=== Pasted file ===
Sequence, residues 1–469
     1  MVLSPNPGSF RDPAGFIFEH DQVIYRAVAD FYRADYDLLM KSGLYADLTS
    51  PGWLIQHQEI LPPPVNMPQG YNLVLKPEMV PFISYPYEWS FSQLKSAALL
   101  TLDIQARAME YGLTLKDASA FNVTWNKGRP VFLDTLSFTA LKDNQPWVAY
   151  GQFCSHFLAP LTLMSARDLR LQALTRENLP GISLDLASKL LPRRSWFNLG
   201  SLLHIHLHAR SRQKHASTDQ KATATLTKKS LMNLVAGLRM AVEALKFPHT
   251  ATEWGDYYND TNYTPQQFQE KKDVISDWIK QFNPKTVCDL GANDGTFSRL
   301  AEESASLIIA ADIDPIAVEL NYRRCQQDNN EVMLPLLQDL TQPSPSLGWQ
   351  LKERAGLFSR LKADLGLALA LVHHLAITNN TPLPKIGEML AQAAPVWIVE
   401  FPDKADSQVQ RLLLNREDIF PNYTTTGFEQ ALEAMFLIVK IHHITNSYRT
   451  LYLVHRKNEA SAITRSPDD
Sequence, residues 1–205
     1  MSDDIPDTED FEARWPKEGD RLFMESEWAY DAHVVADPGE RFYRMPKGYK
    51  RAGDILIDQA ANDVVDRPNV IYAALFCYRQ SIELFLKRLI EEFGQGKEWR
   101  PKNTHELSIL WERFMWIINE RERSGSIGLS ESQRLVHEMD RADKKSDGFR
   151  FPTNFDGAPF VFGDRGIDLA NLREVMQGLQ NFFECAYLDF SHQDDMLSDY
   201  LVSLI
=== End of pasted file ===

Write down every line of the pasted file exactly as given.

Sequence, residues 1–469
     1  MVLSPNPGSF RDPAGFIFEH DQVIYRAVAD FYRADYDLLM KSGLYADLTS
    51  PGWLIQHQEI LPPPVNMPQG YNLVLKPEMV PFISYPYEWS FSQLKSAALL
   101  TLDIQARAME YGLTLKDASA FNVTWNKGRP VFLDTLSFTA LKDNQPWVAY
   151  GQFCSHFLAP LTLMSARDLR LQALTRENLP GISLDLASKL LPRRSWFNLG
   201  SLLHIHLHAR SRQKHASTDQ KATATLTKKS LMNLVAGLRM AVEALKFPHT
   251  ATEWGDYYND TNYTPQQFQE KKDVISDWIK QFNPKTVCDL GANDGTFSRL
   301  AEESASLIIA ADIDPIAVEL NYRRCQQDNN EVMLPLLQDL TQPSPSLGWQ
   351  LKERAGLFSR LKADLGLALA LVHHLAITNN TPLPKIGEML AQAAPVWIVE
   401  FPDKADSQVQ RLLLNREDIF PNYTTTGFEQ ALEAMFLIVK IHHITNSYRT
   451  LYLVHRKNEA SAITRSPDD
Sequence, residues 1–205
     1  MSDDIPDTED FEARWPKEGD RLFMESEWAY DAHVVADPGE RFYRMPKGYK
    51  RAGDILIDQA ANDVVDRPNV IYAALFCYRQ SIELFLKRLI EEFGQGKEWR
   101  PKNTHELSIL WERFMWIINE RERSGSIGLS ESQRLVHEMD RADKKSDGFR
   151  FPTNFDGAPF VFGDRGIDLA NLREVMQGLQ NFFECAYLDF SHQDDMLSDY
   201  LVSLI